Robert Suarez started his design career coming up with cool, new toys for kids. 

“It was super exciting until I realized that I was designing plastic stuff that was made in China, wrapped in plastic, and then shipped across the sea,” he says. “If it didn’t fall off a ship into the ocean, it ended up on a shelf, and then in a landfill.”

So, Suarez became more intentional in how he used his industrial design training, and now focuses on what he calls life-friendly design. His mantra “save our planet, save ourselves” led him to take on the challenge of designing this platform—Suarez was a key member of Planet Home’s founding team in 2018.

“The core question in the design of Planet Home was how to promote solutions at scale,” he explains. To organize the many challenges facing the planet, Planet Home focuses its work around four areas—Eat, Make, Move, and Live—which serve as starting points for deeper discussions. For example, Suarez says, asking the public to think about what they eat leads to examination of more complicated topics like land stewardship and food production practices. 

Using the “Eat, Make, Move, Live” framework, Planet Home has hosted glittering events that combine education and entertainment with headliners like Snoop Dogg, Wyclef Jean, and Bill Nye, built a strong social media following, and created a network of “Solutionists” who connect with one another to level up their work.

But the most exciting progress happens at Planet Home’s EcoSprints. Suarez proposed the idea of EcoSprints, or high-level ideation sessions, as a way for Planet Home to scale up existing environmental solutions and come up with new ideas.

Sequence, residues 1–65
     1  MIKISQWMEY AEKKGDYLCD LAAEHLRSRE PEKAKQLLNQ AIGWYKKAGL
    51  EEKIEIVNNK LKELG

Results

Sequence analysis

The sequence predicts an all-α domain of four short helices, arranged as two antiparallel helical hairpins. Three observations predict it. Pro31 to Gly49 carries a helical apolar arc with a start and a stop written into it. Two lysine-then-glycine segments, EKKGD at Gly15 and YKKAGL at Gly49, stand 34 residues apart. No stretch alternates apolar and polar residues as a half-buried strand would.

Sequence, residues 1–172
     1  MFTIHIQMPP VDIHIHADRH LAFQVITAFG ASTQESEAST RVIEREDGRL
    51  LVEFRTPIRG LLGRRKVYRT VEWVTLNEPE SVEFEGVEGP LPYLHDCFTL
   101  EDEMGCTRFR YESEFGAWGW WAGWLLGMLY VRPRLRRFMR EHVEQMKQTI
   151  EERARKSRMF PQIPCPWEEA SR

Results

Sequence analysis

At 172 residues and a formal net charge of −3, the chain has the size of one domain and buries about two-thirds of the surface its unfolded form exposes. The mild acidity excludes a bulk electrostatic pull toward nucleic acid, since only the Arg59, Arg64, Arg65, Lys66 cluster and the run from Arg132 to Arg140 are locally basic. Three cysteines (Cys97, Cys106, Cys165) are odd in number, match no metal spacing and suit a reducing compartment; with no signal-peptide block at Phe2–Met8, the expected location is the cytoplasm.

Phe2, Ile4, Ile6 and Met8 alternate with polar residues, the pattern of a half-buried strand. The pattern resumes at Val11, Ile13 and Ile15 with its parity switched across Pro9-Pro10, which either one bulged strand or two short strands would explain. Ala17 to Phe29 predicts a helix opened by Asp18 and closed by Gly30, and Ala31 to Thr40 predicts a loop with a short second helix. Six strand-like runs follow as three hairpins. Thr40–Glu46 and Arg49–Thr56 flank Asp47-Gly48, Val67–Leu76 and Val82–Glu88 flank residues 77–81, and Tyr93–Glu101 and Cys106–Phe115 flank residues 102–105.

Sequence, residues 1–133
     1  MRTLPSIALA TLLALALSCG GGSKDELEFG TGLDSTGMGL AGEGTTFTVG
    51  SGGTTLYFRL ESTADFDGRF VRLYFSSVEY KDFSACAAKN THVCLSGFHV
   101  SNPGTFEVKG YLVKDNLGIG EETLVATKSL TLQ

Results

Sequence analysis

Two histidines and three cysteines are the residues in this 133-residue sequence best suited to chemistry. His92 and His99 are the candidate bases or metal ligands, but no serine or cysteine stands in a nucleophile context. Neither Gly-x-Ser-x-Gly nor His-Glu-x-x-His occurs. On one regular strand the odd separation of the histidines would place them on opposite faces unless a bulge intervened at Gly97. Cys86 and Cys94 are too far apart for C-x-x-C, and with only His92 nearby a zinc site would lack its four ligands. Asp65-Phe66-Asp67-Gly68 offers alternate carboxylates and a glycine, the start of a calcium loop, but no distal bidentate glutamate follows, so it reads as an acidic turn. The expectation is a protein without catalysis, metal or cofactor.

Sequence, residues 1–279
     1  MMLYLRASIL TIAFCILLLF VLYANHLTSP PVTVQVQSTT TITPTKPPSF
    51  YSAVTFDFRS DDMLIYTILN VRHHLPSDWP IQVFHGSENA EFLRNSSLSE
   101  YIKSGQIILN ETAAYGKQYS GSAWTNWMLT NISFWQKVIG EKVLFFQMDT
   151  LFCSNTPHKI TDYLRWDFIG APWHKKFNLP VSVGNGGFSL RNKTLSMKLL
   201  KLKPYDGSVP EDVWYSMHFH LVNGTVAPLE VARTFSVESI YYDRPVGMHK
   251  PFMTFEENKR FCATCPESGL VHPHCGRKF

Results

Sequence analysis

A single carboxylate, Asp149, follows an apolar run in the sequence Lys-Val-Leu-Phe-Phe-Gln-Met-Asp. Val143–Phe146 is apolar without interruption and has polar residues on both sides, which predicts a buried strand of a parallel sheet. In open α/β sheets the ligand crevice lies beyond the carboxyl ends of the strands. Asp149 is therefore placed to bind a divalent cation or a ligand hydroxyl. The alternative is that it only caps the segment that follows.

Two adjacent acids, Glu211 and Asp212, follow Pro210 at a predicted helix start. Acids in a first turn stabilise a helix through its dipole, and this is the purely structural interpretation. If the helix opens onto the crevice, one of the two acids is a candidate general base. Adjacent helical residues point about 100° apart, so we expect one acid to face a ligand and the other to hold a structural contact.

Here’s how it works: First, leaders from all sides of a challenge – like transitioning to clean energy – are invited to attend. Suarez says it’s essential to include socio-cultural leaders, technologists, environmental experts, the business community, and political stakeholders. Attendees are then asked to imagine the world they’d like to live in 20 years from now.

They imagine their vision, then, they work backward….but they determine what needs to be done, say, 5 years prior to the 20 year date. Let’s say they envision the year 2045, the first step is to determine what needs to be in place by 2040, then 2035, 2030, 2025, and finally today.

At the end of an EcoSprints, a plan takes shape, connections are strengthened, and everyone leaves with a document outlining concrete actions to be taken over the next 90 days. “EcoSprints generate new solutions and help improve or replicate existing solutions,” Suarez says.

On March 11th, Planet Home hosted an EcoSprint in partnership with Blue Planet Alliance, focused on bringing Hawaii’s plan to run entirely on renewable energy by 2045 to other island nations. The event took place at clean energy leader Henk Rogers’ solar-powered ranch, and gathered around the tables were lawmakers, business leaders, and clean energy technologists.

The results are a viable plan to help island nations transition to renewable energy by 2045—a goal that Hawaii is already well on its way to reaching thanks to Rogers’ advocacy through his Blue Planet Alliance and buy-in from Hawaiian lawmakers.

“We look for solutions where purpose and profit can combine for the greatest impact,” Suarez says. With the right people around the table, EcoSprints can result in radical change.  

-Vanessa Glavinskas